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Scale effects on runoff and erosion losses from arable land under conservation and conventional tillage: The role of residue cover

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Scale effects on runoff and erosion losses from arable land under conservation and conventional tillage: The role of residue cover

In: Journal of hydrology (Amsterdam), 2010, Vol.390 (3), p.143-154
Autor: Leys, Annemie , Govers, Gerard , Gillijns, Katleen , Berckmoes, Els , Takken, Ingrid
Ort, Verlag, Jahr: Kidlington, Elsevier B.V, 2010
ISBN/ISSN/ISMN: 0022-1694
Kollektion: Pascal-Francis
Erscheinungsform: article

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Autor:Leys, Annemie
Autor:Govers, Gerard
Autor:Gillijns, Katleen
Autor:Berckmoes, Els
Autor:Takken, Ingrid
Titel:Scale effects on runoff and erosion losses from arable land under conservation and conventional tillage: The role of residue cover
Ort:Kidlington
Verlag:Elsevier B.V
Jahr:2010
ISBN/ISSN/ISMN:0022-1694
Sprache:eng
Zusammenfassung:A literature survey as well as our own observations on runoff and soil losses measured under conventional and conservation tillage (CT) show that differences in runoff and erosion between both tillage techniques are scale-dependent: the difference in runoff and erosion response between conservation and conventional tillage increases with the length of the plot/field considered. The relative scale effect is more important for erosion than for runoff.The scale effect implies that plot measurements may lead to an underestimation of the effectiveness of conservation tillage in reducing runoff and erosion at the field or catchment scale. We tested experimentally the hypothesis that this scale-dependency can (partly) be explained by the occurrence of runoff transmission losses along the hillslope. In a 2.3m long soil tray, filled with a silty loam soil, a seedbed was simulated and covered with different amounts of straw and maize residues. Our data showed that transmission losses can indeed be important and that they depend on cover percentage, discharge, time of discharge application and residue type. A simple model exercise shows that, under realistic assumptions, the effect of transmission losses on runoff and erosion on arable land may be highly significant. At present, most erosion models explicitly or implicitly assume a linear increase of runoff with slope length: taking into account transmission losses may contribute to a better estimation of runoff and soil losses. Since no interaction effect between cover percentage and inflow rate was found, the relative difference in runoff and soil loss between bare and residue-covered surfaces did not change with scale. Thus, other factors than those observed are responsible for the observed increasing differences between conservation and conventional tillage with increasing scale.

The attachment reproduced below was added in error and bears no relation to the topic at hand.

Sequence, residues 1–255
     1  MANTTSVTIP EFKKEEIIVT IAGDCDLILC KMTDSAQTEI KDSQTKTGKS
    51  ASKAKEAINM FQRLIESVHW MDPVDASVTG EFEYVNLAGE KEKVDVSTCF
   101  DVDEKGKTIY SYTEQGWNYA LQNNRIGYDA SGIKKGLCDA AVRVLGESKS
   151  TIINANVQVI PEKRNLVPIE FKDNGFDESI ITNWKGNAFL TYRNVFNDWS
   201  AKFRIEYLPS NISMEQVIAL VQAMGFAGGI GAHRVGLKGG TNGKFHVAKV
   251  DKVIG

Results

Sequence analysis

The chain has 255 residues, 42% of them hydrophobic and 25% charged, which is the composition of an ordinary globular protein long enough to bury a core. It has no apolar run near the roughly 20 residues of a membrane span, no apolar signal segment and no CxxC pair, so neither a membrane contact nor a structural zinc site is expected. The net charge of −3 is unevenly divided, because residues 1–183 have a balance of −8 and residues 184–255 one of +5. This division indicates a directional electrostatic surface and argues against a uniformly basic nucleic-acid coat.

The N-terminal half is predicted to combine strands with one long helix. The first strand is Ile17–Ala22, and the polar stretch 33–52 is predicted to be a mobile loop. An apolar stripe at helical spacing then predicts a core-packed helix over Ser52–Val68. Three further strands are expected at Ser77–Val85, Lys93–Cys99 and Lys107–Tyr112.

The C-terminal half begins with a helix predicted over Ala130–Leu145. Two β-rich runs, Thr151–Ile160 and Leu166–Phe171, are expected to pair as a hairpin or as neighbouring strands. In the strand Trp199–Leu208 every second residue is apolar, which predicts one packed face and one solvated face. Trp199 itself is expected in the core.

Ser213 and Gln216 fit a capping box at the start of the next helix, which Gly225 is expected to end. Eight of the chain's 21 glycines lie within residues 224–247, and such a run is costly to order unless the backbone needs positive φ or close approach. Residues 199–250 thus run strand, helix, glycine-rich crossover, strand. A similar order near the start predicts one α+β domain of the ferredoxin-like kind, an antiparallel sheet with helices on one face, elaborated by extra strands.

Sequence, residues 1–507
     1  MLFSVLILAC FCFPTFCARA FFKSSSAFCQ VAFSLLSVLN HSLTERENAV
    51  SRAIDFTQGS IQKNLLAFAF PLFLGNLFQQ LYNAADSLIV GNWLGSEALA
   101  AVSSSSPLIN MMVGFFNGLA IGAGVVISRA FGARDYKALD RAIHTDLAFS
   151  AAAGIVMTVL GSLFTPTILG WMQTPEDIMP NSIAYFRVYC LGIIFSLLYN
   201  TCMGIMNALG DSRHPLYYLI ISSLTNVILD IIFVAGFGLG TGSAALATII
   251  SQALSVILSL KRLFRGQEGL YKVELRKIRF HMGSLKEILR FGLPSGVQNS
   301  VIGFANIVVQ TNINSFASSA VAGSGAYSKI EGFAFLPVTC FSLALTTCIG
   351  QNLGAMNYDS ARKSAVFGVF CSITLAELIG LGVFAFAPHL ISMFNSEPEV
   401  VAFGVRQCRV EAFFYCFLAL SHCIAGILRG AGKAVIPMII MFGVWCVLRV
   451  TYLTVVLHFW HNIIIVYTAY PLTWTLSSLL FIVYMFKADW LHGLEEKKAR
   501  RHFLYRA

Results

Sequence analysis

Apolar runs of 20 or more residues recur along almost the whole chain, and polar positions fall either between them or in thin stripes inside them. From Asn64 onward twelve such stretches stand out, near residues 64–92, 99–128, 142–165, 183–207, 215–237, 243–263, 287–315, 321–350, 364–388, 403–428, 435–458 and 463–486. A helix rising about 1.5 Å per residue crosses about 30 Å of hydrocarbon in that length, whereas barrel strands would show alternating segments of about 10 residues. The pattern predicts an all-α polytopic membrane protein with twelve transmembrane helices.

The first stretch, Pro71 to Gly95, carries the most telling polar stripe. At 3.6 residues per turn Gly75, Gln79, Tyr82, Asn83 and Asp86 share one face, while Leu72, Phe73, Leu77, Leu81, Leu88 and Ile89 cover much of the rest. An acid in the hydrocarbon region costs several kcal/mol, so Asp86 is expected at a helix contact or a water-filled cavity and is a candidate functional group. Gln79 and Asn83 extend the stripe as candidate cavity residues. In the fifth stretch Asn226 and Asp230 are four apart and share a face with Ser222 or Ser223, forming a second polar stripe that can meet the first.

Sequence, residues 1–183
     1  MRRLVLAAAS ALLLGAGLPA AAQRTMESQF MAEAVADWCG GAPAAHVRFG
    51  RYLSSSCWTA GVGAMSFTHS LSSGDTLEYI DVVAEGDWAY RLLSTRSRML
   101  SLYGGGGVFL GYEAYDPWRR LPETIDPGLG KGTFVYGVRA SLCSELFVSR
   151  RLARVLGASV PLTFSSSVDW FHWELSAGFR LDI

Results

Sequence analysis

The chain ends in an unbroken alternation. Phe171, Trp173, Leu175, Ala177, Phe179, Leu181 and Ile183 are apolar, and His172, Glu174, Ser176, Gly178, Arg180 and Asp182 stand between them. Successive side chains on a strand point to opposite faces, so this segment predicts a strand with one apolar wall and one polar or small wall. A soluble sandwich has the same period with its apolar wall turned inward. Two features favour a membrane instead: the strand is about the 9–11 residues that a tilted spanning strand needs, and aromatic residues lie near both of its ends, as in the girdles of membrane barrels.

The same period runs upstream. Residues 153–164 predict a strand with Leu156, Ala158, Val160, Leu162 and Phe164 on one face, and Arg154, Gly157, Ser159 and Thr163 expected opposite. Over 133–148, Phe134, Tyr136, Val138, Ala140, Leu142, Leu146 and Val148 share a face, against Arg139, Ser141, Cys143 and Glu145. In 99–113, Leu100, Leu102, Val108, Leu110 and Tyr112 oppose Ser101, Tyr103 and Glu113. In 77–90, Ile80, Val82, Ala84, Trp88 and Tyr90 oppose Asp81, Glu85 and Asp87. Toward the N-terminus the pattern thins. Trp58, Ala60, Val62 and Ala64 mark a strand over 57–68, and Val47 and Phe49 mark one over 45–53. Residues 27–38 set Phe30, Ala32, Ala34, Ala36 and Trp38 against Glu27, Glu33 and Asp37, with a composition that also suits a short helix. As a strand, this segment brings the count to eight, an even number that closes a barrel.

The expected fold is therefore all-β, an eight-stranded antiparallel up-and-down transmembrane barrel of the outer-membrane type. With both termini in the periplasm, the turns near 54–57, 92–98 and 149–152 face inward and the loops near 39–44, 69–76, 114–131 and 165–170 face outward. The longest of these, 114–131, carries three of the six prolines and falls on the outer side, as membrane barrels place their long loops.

Kollektion:Pascal-Francis
Kollektion:CrossRef
Kollektion:Academic OneFile (A&I only)
In:Journal of hydrology (Amsterdam), 2010, Vol.390 (3), p.143-154
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